Category Archives: ritual

Applying Fraternity Ritual to the Workday

This HBR article was making its way around Greek life Twitter circles last week, and for good reason.

Here’s a snippet:

Religions understand and leverage the power of ritual. In Judaism, blessings are as plentiful as iPhone apps. Wake up? There’s a blessing for that. Wash your hands? There’s a blessing for that. Experience something new? Eat a meal? Go to the bathroom? There’s a blessing for each one. Every religion I know has similar practices to make our experience of the world sacred.

Which might be why we avoid ritual in the business world. Religion is so loaded, so personal. But ritual doesn’t have to be religious; it’s just a tool religions use. Rituals are about paying attention. They’re about stopping for a moment and noticing what you’re about to do, what you’ve just done, or both. They’re about making the most of a particular moment. And that’s something we could use a lot more of in the business world.

Sounds like another Ritual I know of.

Read the full story here.

Random Thoughts

If fraternities are supposed to stand for such values as honor, integrity and respect then why must every national office employ a full-time Director of Risk Reduction?

Why are marketing campaigns to eliminate hazing almost always directed at our our own members rather than the general public?  Isn’t it pathetic that we should have to convince our own members that the mission of our organization is in fact good?

The few chapters that are either too cool or too dysfunctional to attend Grand Chapter will inevitably complain the most about the new bylaws and policies they didn’t bother to vote for.

If chapters are so proud of their diversity, loosely defined, then why do pledge programs insist on making everyone the same (“our #1 goal is to mold a united pledge class”)?

If hazers are so confident that arbitrary harassment builds brotherhood then why not advertise every activity and expectation during recruitment?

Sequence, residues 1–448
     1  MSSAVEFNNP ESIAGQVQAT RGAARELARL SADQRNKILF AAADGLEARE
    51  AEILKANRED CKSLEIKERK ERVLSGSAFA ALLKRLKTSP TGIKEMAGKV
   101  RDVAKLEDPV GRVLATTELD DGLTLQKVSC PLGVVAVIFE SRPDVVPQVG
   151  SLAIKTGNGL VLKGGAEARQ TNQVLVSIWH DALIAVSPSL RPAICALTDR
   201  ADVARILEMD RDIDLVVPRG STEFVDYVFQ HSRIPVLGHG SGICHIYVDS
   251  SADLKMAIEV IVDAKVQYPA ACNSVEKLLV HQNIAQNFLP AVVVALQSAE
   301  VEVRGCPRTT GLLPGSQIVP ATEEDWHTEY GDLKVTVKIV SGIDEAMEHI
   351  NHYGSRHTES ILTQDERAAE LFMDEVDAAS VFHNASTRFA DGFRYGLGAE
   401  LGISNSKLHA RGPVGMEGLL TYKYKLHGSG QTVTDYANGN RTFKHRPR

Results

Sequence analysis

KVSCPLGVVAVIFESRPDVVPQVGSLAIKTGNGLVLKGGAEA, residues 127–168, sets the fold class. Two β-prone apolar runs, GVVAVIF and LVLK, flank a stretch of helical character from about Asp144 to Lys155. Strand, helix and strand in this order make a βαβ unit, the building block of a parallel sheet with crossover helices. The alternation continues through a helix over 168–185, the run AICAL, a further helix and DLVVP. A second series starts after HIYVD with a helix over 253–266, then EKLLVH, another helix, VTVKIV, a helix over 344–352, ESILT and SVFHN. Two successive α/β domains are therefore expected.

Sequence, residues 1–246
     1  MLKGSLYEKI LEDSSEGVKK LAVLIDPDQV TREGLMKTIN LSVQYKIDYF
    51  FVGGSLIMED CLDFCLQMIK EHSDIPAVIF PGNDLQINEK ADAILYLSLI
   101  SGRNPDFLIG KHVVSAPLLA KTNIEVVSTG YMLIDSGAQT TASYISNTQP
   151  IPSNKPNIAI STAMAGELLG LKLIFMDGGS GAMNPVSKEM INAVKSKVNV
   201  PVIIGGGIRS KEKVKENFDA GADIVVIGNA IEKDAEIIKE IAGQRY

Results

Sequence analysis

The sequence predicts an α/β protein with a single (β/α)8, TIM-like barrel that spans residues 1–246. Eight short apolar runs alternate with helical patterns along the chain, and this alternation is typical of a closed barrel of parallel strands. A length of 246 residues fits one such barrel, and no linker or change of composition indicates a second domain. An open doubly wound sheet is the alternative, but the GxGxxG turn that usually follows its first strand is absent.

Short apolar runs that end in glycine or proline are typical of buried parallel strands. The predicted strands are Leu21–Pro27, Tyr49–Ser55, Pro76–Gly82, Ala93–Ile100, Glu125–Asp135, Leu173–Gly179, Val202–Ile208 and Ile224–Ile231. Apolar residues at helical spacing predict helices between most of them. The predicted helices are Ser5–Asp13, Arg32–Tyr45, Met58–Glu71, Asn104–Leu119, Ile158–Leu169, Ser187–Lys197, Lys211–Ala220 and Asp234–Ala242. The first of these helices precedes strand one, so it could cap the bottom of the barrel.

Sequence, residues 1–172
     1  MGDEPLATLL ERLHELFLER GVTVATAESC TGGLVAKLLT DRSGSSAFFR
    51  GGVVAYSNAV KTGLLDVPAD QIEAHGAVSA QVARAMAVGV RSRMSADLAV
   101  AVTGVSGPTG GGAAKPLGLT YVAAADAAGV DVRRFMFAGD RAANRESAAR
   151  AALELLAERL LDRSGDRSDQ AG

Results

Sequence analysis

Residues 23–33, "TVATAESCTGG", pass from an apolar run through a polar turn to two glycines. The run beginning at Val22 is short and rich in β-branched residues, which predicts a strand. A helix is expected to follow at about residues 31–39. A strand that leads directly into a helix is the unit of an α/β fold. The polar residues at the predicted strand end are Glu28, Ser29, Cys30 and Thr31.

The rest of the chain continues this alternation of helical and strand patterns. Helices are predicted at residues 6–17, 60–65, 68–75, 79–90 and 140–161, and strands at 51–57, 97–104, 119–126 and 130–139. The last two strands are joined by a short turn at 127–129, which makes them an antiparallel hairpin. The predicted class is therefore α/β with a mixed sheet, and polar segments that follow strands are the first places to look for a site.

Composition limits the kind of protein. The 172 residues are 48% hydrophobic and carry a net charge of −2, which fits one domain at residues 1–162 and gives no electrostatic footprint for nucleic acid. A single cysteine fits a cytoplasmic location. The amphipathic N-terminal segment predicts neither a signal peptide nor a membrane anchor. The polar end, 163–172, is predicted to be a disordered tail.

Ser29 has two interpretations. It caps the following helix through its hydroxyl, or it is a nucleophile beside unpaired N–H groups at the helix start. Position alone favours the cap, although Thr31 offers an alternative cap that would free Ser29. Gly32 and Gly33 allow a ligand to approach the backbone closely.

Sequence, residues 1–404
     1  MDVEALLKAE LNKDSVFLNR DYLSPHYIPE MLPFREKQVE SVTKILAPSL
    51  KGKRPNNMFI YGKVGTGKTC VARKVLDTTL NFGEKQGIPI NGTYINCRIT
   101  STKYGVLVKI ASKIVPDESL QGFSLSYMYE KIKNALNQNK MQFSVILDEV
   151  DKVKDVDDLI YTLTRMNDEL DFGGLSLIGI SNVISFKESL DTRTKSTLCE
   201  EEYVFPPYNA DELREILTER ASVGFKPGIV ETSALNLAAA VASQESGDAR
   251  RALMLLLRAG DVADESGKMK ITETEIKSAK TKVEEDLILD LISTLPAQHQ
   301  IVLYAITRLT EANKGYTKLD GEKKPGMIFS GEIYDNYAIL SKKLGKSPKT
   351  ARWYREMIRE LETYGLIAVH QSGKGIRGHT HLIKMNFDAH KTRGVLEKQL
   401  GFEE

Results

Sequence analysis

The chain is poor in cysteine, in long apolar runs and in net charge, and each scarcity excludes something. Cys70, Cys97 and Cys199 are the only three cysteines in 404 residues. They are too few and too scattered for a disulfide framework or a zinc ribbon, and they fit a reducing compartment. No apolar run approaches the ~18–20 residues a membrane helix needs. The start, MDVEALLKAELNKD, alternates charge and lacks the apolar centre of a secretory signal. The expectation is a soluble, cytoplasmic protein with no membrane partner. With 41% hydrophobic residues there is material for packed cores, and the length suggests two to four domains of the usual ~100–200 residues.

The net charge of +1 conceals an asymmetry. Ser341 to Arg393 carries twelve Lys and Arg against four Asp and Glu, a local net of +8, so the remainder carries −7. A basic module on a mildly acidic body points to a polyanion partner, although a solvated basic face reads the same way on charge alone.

And if hazers are so confident that hazing has an ounce of relevance to real life then why don’t they list “endured hazing pledgeship” on their resume?  Or do they understand that no employer would take them seriously?

Why do some chapters spend more time developing marketing campaigns to make themselves look good rather than actually being good in the first place?

Why do chapters spend so much time trying to motivate members for recruitment rather than just recruiting people who don’t need to be motivated?

If hazing is supposed to teach respect then why are the loudest proponents of hazing always the least respected members in the chapter?

Deadheads, Frat Stars and Fraternity Men

The March issue of Atlantic Monthly is running a story on management secrets from the Grateful Dead.  I’m not really a Grateful Dead listener (no particular reason, they just never caught on for me) but, believe it or not, I found a few passages that relate to fraternity life.

What binds us together?

As the band’s following grew, the notion that it might have something to offer scholars, particularly in the social sciences, became somewhat less far-fetched, though still not without professional risk. In the late 1980s, Rebecca G. Adams, a sociologist at the University of North Carolina at Greensboro, who studies friendships formed across distances, noticed deep bonds between Deadheads.

Today, everybody is intensely interested in understanding how communities form across distances, because that’s what happens online. Far from being a subject of controversy, Rebecca Adams’s next book on Deadhead sociology has publishers lining up.

Similarly (sort of), Sigma Nus from Orlando to Seattle and L.A. to Boston share deep bonds.  Hazers and true fraternity men agree that brotherhood is about bonding, but bonding around what exactly is where hazers get confused.

In a way, hazers are correct that people can bond together by enduring negative experiences together.  Surviving a natural disaster with your neighbor will surely bring you closer together; however, bonding through negative experiences is a backwards way to create genuine relationships, especially when the situations are created intentionally.

On the other hand, true fraternity brotherhood is built on the foundation of common ideals and positive experiences.  Those who have attended a Grand Chapter and recited the Ritual with hundreds of Sigma Nus from across North America understand what it means to be bonded by common ideals with otherwise complete strangers.

Enduring success relies on innovation

Recently, Barnes has been lecturing to business leaders about strategic improvisation. He’s been a big hit. “People are just so tired of hearing about GE and Southwest Airlines,” he admits. “They get really excited to hear about the Grateful Dead.”

The long-term success for any organization hinges on its ability (and its willingness) to adapt to constantly changing surroundings.  While it’s natural to be skeptical of advice from outsiders, we should also recognize that valuable lessons often come from unlikely sources.

Don’t Drink the Hazing Kool-Aid: Lessons from Jonestown